CARCINOMA of the esophagus is one of the least successfully treated malignant tumors. Usual features of the disease which undoubtedly contribute to its lethal nature are its elusion of early detection and the presence of mediastinal extension at the time of operation. Representative results of treatment are those reported by Kay1 in which only 2% of the entire group and 5% of the resected patients with esophageal carcinoma survived five years. In a series of patients with carcinoma of both esophagus and gastric cardia, Adams2 achieved five-year success in 9% of a group of patients treated by surgery followed by high voltage radiation therapy. Although Ellis3 and coauthors achieved 17% five-year survival for patients who survived resections for lesions of the esophagus and cardia, their success during the same period for all patients in their study was only 4%.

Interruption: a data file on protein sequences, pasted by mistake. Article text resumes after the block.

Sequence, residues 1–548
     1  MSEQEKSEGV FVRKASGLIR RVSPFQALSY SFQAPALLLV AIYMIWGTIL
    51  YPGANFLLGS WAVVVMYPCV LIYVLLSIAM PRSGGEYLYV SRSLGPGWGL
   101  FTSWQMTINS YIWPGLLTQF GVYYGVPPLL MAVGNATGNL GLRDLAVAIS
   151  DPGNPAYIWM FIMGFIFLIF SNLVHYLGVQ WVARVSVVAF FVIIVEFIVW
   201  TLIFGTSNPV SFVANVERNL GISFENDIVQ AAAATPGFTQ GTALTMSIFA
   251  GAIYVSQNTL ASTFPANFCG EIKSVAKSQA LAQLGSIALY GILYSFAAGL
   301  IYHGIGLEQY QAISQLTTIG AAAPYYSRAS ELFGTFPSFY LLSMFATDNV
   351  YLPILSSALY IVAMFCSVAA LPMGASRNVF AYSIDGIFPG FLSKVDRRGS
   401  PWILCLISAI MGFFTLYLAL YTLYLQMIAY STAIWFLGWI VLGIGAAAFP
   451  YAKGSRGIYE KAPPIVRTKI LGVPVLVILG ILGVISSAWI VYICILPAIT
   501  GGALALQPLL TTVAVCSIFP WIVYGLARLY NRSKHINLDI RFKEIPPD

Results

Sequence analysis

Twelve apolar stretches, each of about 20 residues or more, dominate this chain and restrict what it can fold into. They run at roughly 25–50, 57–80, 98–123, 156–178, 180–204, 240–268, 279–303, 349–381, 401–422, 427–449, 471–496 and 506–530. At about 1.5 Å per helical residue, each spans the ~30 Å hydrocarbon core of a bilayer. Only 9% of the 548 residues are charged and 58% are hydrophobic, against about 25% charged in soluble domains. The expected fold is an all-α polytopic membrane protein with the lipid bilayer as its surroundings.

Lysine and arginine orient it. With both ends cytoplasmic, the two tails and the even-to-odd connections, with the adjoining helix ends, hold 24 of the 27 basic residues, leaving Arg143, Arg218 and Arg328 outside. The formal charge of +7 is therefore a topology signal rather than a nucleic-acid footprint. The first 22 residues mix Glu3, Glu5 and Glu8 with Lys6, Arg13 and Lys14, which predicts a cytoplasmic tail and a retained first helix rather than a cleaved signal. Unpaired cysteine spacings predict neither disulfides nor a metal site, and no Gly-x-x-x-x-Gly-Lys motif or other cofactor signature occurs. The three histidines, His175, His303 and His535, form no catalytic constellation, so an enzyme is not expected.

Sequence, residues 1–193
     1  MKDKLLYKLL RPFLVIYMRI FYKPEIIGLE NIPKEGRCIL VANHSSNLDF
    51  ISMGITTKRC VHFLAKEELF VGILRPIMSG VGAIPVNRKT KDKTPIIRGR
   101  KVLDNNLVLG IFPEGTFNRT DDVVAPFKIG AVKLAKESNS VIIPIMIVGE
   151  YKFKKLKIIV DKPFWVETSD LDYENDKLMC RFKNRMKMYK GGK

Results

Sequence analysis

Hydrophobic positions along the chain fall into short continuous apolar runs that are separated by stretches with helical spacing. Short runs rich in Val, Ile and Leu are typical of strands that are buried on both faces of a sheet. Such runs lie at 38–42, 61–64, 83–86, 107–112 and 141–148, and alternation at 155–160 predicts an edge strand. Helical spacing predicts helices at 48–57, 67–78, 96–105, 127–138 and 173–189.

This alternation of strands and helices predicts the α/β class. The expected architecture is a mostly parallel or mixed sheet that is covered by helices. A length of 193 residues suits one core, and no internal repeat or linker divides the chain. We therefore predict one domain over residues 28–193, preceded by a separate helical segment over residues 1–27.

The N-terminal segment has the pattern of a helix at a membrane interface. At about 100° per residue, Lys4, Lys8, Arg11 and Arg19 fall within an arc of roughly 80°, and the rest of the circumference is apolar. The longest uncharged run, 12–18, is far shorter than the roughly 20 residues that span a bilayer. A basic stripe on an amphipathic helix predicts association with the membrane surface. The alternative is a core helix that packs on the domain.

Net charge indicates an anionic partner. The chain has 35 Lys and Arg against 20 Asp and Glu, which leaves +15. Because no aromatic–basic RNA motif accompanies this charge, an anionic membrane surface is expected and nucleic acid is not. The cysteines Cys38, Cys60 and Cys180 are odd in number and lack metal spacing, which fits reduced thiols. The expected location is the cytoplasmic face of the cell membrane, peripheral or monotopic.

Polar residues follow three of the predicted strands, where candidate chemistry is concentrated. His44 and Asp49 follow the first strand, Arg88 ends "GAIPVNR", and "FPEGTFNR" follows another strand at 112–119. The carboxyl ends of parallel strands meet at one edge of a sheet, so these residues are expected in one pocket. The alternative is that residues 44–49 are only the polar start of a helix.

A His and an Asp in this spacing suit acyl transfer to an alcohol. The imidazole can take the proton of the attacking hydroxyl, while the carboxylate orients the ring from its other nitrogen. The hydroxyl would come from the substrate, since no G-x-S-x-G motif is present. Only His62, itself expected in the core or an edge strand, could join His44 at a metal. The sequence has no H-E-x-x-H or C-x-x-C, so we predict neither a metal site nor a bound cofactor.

Although in recent years extensive and adequate operations
Hopkins SM, VandenBerg HJ. Segmental Resection for Carcinoma of the Esophagus: Report of a Case With Five-Year Survival. Arch Surg. 1968;96(6):936–938. doi:10.1001/archsurg.1968.01330240082019
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